2 students from Bethlehem traveled to Moravian University Tuition Free


Genesis Hernandez, a senior at Liberty High School, has dreamed of becoming an orthodontist since the age of 5. Freedom High School senior Shayaan Farhad loves biology and helping others so much that he hopes to become a doctor.

The dreams of these two Bethlehem Area School District students received a major financial boost last month when they learned they were the recipients of the 2022 BASD Superintendent’s Scholarship, which covers four years of schooling at Moravian University.

This is the seventh year that Moravian has awarded scholarships to two district seniors. The 2022-2023 Bethlehem University tuition fee is set at $48,569. The students were surprised by the news last month and later recognized at ceremonies at their respective high schools.

“We are proud that they have persevered through the events of the past two years to stay on track and excel academically,” said Moravian President Bryon Grigsby. “As past BASD scholarship recipients have shown, this opportunity opens doors for students who might not otherwise have the chance to attend a school like Moravian, and we expect great things from them. of them.”

Superintendent Joseph Roy said the scholarship is given to high achieving students who have overcome life’s challenges. Applicants must be accepted into Moravian University, write an essay on the barriers they faced, and demonstrate financial need.

Each year, the top five applicants from both high schools are selected by their guidance counselors and administrators for Roy and a Moravian official to review. The pool is then narrowed down to two finalists from each school who are interviewed in the final round.

Farhad and Hernandez share more than career dreams. They are both motivated students who come from immigrant families. Moravian offers strong academics while allowing students to stay close to home, the two said. The stock market removes major financial stressors for them.

Farhad, who earned a 4.35 GPA at Liberty, plans to live at home with his mother, younger brother and grandmother, whom he helps care for. Her mother emigrated from Afghanistan when she was 12 years old.

“It means a lot to know that I can help my family financially, which I really wanted to do,” Farhad said. “I can already start giving back to them without them having to worry about making such a big investment.”

Farhad’s guidance counselor lured him to Liberty’s main office, telling him he was attending an Advanced Placement class focus group.

“At first I was the only person to come,” recalls Farhad, 18, from Bethlehem. “I was a bit confused. I saw Principal (Harrison) Bailey there and thought it must have been a pretty big discussion group. Then I saw Dr. Roy there.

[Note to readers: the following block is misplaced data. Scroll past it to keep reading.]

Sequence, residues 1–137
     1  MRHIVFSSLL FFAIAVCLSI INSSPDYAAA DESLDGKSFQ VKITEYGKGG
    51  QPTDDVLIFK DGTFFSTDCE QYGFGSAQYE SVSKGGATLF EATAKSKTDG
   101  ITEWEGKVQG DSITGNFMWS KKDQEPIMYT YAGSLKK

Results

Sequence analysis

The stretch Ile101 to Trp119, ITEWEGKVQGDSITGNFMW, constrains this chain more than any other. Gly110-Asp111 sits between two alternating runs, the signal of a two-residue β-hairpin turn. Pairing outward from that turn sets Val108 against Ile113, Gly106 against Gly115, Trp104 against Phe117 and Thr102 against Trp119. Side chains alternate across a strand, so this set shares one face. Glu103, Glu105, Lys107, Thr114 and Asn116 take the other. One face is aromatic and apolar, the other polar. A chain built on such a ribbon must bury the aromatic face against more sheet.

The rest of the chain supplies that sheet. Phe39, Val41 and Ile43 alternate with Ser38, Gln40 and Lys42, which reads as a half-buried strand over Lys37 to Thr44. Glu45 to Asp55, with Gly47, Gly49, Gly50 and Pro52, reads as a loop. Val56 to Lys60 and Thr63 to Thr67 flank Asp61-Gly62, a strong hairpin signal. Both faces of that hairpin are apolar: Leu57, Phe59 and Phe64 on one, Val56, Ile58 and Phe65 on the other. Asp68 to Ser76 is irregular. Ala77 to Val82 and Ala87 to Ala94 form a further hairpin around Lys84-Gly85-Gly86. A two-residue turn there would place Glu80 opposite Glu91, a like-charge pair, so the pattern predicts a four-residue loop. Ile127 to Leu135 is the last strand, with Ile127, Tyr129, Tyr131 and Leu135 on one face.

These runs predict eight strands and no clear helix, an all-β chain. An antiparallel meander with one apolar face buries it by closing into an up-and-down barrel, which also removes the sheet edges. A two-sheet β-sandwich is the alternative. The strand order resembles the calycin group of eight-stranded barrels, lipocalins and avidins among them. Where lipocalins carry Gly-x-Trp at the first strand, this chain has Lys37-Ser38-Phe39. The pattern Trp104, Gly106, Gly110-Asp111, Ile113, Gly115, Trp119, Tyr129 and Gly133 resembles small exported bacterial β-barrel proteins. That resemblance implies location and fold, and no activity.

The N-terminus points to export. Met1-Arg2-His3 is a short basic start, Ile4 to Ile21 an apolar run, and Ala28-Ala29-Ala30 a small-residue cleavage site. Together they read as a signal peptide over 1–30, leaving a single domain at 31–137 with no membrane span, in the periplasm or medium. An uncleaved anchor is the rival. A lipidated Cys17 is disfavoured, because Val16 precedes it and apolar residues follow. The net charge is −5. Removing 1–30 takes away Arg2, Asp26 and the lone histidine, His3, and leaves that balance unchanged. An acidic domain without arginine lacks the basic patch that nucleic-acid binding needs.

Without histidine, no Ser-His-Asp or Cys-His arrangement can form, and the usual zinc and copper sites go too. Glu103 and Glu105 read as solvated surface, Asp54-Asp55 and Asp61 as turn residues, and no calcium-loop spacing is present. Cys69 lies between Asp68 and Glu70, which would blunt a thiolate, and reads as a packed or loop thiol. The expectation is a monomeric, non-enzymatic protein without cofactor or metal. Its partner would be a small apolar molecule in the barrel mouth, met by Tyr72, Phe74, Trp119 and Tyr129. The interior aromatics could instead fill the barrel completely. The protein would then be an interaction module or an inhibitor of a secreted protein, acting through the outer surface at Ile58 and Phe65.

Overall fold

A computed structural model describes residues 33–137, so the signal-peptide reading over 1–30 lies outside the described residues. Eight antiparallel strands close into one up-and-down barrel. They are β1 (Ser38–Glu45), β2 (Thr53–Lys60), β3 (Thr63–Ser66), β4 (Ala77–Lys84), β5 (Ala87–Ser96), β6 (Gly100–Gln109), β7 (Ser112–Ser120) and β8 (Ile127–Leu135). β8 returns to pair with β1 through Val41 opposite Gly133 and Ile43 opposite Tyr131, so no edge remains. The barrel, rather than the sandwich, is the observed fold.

Roy was impressed by Farhad’s drive and commitment to his family.

Earlier in the day, the captain of Liberty’s tennis team had begun to despair over not getting the scholarship, so it was a welcome surprise.

“We went through tough times when I was younger,” Farhad said. “It was my motivation to find a way out of the tough times and achieve a bigger goal. When I constantly think about the past, it motivates me to keep striving for success so that I can be the best and give the best. best to the people I love.

Hernandez came to the United States from Nicaragua when she was 13 years old. Her dream of becoming a dentist was inspired by her stepfather, who is a dentist in his native country.

“I was born and raised in another country,” said Hernandez, 18, from Bethlehem Township. “Coming here looking for a better opportunity, a better education and the chance to go to a private school?! It is the result of the hard work I put in during all these years that I have been here.

Hernandez earned a 3.92 GPA at Freedom despite some difficulties at home that led her to move into her own apartment. Since her mother frequently travels back and forth between Nicaragua, her brother is her legal guardian. Things got tough when he divorced about two years ago and his grades started to drop, she recalls. But she worked with her teachers and finished the year with straight Aces.

“It’s very hard,” she admitted. “I get out of school and go straight to work.”

Hernandez supports herself by working at Kirkland Village in Bethlehem, which she plans to continue while studying biology at Moravian. Anything Hernandez manages to juggle is impressive, Roy said.

Knowing that she will have to pay for dental school in the future means so much to be able to complete her undergraduate degree debt-free, Hernandez said.

“I was shocked,” she said when she learned she had won. “I was very happy too because it’s something I hoped for and prayed for. It means a lot. I see it as another opportunity to change people’s lives.

Hernandez planned to attend Moravian no matter what, but without the BASD scholarship, she would have had to pay about half of her tuition with loans. (Moravian had already awarded him the university’s presidential scholarship.) Farhad wondered if he should go to Penn State University because it’s cheaper, but he also wanted to play tennis for Moravian.

As captain of the Liberty tennis team, Farhad won both an East Penn Conference and District XI title. He is also a member of the debate team, a volunteer with the Muslim Association of Lehigh Valley, and a volunteer to teach conversational Persian and Arabic.

Hernandez is a member of the National Honor Society, sings in the Freedom Choir and participates in the district’s school-to-work transition program.

Our journalism needs your support. Please subscribe today to lehighvalleylive.com.

Sara K. Satullo can be contacted at [email protected].


About Author

Comments are closed.